Despite the central role of AICDA in G/C mutations, during SHM nearly half of the mutations target A and T residues.11 The A/T mutation spectrum is associated with mismatch repair using MSH2-MSH628,3033 and exonuclease 134 which normally provides high-fidelity repair that presumably becomes mutagenic in GC B cells with the recruitment of error-prone polymerase eta (POL η)35,36 targeting WA motifs. POL η deficiency results in a mutational pattern lacking targeting to WA motifs.37,38 Therefore, POL η appears to account for most WA mutations that can comprise as much as 25% of total nucleotide substitutions.37

Finally, the action of uracil–DNA glycosylase (UNG) appears to account for the introduction of transversions. This enzyme deletes AICDA-induced uracil and initiates translesion synthesis (TLS) involving mechanisms that generate transversions that do not occur when high-fidelity polymerase recognizes the dU/dG mismatch as dT.39

The present study involved a detailed mutation analysis of PB B cells from 4 young and 3 adult patients with X-HIgM syndrome to characterize the mutation patterns that develop in the absence of CD154 stimulation and GC reactions. We were particularly interested in mutations in nonproductive heavy and light chain rearrangements because these are not influenced by selection.11 Because AICDA and POL η generate mutations in specific nucleotide motifs and UNG2 is involved in the generation of transversions, we focused on analyzing these specific features of mutational targeting to determine the frequency and nature of the mutations occurring in X-HIgM B cells. The results indicate that mutational targeting in X-HIgM are significantly different from that noted in normal memory B-cell populations, consistent with the conclusion that SHM in X-HIgM reflects an extra- or pre-GC process characterized by relatively decreased activity of AICDA and UNG compared with that characteristic of GC reactions.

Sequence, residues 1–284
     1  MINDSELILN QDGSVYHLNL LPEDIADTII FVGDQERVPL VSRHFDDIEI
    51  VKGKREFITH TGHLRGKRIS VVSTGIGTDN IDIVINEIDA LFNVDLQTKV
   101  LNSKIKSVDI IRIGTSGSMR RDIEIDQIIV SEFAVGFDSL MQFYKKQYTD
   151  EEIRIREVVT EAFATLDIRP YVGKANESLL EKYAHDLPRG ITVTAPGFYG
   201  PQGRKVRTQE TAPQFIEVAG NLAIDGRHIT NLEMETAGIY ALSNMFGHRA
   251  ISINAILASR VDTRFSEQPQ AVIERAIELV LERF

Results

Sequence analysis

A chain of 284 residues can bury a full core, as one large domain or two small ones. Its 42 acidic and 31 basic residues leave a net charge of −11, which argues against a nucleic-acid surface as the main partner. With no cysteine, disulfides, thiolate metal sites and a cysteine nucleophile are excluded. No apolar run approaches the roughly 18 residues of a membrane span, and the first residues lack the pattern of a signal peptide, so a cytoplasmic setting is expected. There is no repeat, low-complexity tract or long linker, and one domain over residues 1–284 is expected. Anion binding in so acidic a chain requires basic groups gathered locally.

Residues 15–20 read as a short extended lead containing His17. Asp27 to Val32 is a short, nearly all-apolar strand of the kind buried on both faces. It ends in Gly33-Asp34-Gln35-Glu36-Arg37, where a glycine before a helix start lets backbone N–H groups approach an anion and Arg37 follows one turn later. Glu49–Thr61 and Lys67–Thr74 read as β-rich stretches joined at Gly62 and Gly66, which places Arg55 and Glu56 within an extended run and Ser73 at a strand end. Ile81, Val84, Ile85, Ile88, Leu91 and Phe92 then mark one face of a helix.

Methods

Tissue sources